dion-jordan-jags2

This is the place where the great Geno Smith question will begin. And if we all get the answer that we’re sort of beginning to expect, then the great Geno Smith fall will also begin here.

Earlier on as the draft was mocked and called all kinds of names, it was common to see Smith slotted in to become the next Jaguars (Jag-Wires?) quarterback. Now, that feeling has shifted dramatically, and not because new general manager David Caldwell is especially high on Blaine Gabbert, or especially low on Smith.

No, passing on Smith will likely be the result of simple priorities, and draft value. By nature since they were the second worst team in the league during the 2012 season, the Jags have multiple holes, but one especially glaring deficiency lies on the defensive line with its inability to pressure the opposing quarterback. The Jaguars had a league low 20 sacks this past season, and they’re in a position to select Dion Jordan with their second overall pick, the highly versatile edge rusher who recorded 23.5 sacks over his final two years at Oregon.

Or maybe even more importantly, they could choose to ensure Gabbert doesn’t break again by fortifying the offensive line with either Eric Fisher or Luke Joeckel, a move that’s looking increasingly possible. Indeed, there are multiple directions for the Jaguars, but Smith doesn’t appear to be one of them.

As the conclusion of our draft previews nears, I talked to Adam Stites from Big Cat Country about Smith, Jordan, and the Jaguars’ early draft focus.

1. Let’s get the Dion Jordon question out of the way first. In a draft with few consensus picks anywhere, he feels pretty close to being one at No. 2. Are you confident with his fit, or if David Caldwell is set on a pass rusher, is there a case to be made for Ziggy Ansah?

It’s really hard to project what the Jaguars will do on Thursday, but if I were to guess, Jordan would be my pick. The team has struggled with pass rushing for a long time, and Jordan is the perfect Swiss Army knife-type player who can do a lot of things in Gus Bradley’s hybrid defense as a pass rush specialist and a linebacker.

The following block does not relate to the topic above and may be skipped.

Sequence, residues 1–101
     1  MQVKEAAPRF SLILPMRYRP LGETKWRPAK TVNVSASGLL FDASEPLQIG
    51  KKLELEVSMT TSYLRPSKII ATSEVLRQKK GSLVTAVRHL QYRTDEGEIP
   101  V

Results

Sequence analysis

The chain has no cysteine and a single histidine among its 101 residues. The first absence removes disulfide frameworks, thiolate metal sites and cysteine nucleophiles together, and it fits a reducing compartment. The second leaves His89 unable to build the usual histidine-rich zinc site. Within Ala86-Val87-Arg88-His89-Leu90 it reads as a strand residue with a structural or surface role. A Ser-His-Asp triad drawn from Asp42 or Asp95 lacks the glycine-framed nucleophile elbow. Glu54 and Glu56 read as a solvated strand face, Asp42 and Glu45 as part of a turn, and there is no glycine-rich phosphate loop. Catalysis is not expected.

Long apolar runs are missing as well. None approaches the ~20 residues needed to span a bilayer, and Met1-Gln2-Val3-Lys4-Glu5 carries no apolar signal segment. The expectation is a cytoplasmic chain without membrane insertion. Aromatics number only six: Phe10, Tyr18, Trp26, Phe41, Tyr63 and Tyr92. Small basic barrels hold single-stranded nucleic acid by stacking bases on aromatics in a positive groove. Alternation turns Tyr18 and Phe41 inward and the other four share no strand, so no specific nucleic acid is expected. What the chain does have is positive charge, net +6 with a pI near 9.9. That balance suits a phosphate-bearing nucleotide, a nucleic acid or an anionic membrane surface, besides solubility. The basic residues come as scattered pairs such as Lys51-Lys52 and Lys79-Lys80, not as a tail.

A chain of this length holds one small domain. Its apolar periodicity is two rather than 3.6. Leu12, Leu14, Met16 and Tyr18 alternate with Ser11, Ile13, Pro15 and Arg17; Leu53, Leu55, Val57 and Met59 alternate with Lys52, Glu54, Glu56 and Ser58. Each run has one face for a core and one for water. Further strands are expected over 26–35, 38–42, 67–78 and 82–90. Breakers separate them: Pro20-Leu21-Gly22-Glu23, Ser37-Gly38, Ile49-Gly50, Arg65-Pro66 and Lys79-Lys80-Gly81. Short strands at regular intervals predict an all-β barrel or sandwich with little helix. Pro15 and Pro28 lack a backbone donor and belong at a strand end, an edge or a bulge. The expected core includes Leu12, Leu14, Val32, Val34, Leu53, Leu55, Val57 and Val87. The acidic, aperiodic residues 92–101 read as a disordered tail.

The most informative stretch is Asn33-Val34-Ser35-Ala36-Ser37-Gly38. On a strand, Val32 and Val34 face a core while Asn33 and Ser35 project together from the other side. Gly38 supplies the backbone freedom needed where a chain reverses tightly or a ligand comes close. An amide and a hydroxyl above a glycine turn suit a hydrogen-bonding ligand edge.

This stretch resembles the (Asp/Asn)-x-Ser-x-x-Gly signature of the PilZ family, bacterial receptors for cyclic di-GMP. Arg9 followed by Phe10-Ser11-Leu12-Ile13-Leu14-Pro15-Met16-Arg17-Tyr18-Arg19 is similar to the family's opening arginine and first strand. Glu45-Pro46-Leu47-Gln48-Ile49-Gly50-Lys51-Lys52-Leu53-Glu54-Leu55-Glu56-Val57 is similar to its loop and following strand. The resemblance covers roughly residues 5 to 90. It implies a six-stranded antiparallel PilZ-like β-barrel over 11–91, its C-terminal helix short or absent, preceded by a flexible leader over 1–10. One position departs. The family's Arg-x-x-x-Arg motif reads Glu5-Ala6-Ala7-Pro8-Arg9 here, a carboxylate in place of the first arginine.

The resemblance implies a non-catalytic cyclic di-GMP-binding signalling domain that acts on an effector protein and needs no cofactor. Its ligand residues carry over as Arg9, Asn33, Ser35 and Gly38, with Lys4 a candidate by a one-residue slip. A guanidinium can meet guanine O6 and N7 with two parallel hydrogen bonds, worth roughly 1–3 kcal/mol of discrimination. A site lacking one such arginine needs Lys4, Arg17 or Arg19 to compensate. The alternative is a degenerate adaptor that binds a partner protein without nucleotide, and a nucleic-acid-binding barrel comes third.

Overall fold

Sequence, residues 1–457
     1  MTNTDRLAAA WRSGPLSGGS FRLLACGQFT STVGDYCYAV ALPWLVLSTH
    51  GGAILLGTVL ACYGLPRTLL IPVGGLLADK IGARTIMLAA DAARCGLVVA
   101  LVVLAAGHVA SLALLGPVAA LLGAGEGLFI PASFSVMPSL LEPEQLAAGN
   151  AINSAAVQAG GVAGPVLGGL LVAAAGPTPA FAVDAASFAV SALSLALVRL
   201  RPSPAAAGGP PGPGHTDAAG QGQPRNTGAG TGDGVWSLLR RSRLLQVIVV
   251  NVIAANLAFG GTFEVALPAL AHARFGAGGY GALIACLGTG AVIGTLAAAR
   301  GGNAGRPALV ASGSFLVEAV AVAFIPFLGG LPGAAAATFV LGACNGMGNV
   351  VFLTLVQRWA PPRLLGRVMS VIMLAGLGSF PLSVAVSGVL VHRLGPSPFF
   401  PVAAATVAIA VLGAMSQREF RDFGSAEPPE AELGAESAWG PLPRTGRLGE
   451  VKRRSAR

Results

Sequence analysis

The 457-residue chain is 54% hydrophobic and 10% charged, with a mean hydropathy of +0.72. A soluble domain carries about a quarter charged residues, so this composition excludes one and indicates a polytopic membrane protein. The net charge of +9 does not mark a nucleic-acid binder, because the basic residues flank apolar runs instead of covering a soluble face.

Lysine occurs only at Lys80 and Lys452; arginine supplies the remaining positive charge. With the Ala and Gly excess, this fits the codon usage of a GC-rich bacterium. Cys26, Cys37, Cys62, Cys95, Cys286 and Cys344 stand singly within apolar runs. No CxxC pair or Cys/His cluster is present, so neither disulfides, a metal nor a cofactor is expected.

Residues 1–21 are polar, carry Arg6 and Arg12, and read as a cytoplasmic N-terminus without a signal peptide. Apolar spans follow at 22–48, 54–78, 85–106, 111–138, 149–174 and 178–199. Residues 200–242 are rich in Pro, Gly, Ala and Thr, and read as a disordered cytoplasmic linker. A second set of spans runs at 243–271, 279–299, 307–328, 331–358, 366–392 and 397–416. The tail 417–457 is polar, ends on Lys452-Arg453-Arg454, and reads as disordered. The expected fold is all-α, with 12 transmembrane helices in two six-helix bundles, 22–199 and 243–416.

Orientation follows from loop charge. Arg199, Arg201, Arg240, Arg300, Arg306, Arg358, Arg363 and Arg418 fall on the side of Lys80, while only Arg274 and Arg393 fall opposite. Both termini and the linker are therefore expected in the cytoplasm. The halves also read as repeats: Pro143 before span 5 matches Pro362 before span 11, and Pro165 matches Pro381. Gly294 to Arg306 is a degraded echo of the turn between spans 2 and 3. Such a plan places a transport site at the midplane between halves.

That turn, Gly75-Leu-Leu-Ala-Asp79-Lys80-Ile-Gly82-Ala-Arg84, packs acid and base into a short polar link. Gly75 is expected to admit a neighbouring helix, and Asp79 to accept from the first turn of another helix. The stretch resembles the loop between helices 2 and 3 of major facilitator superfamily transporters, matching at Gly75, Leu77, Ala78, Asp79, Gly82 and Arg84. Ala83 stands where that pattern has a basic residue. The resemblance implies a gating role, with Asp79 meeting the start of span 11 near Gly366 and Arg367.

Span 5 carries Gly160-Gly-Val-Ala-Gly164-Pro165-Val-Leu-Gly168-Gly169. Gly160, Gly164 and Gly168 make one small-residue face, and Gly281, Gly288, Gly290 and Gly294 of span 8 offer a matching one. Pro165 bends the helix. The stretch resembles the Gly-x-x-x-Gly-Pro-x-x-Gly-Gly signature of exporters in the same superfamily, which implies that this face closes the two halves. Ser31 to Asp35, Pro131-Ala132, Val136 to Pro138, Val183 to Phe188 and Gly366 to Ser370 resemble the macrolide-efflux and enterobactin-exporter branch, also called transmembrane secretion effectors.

There’s definitely a case to be made with Ansah, and I think he’s a player who can be molded to fit just about any position. However, he has a long learning curve to deal with, and I think that’s the big difference between the two.

2. Now the next obvious question: the quarterback. Taking Jordan or Ansah means passing on Geno Smith, and most likely giving Blaine Gabbert one more year. Is that the right decision? Or would you rather start over with Smith?

I think the question really just comes down to whether or not the Jaguars brass thinks Geno Smith can be a franchise QB. If they do, take him. If they don’t, build around the defense, add QB competition elsewhere and see where you’re at next year. Blaine Gabbert hasn’t earned another season at the helm, but given the team’s situation and the draft class, it looks like that’s just the circumstances the Jaguars have to work with and they can’t try to force things otherwise.

3. What about one of the top tackles? One of Luke Joeckel or Eric Fisher will be available, and they would upgrade an offensive line that allowed 50 sacks this past season.

The leak on the Jaguars’ offensive line was mostly at right tackle where Guy Whimper and Cameron Bradfield were equally bad. Eugene Monroe, on the other hand, has developed into a very good left tackle who may be top five in the NFL at the position, or at the very least, top 10. Drafting Fisher or Joeckel might seem like a logical way to supply a second tackle, but it jeopardizes Monroe’s future with the team.

Moving Monroe to right tackle will almost certainly cause him to leave in free agency, leaving the Jaguars with a hole once again. Taking a right tackle with the second overall pick seems like a waste of its value, though. For those reasons, I doubt Fisher is the selection and I believe that the “interest” in him is a way for the Jaguars to garner a trade market for their selection.

4. The Jaguars hold two picks in the top 35. If Smith isn’t the pick Thursday, will a quarterback be drafted at 33rd overall? Or is help either in the secondary, or up front on the offensive line (if that wasn’t addressed in the first round) the greater priority?

I’m willing to just about guarantee that the Jaguars will select a quarterback in the first two days of the draft. There are a lot of needs on the team with secondary as the biggest, in my opinion, but the team realizes they aren’t going to fix everything in one draft. Instead, they’re going to want to add competition at quarterback and continue to do so until they find a player twho can carry the franchise.

My inclination is that the Jaguars find a way to add extra picks in a trade down from either the second or 33rd pick, and use the extra picks to select a quarterback like Tyler Wilson, Matt Scott, or Zac Dysert either late in the second round or early in the thrid.

5. What other needs should be addressed in the later rounds?

I hate to use the cop-out, “best available player” answer, but there are so many needs for the team that need to be addressed that they can go in just about any direction. I think the Jaguars will look to target big athletic defensive backs who can fit in right away like T.J. McDonald or Cooper Taylor at safety, or lengthier cornerbacks like Sanders Commings or Sheldon Price.

No Comments

Leave a Reply

Your email address will not be published. Required fields are marked *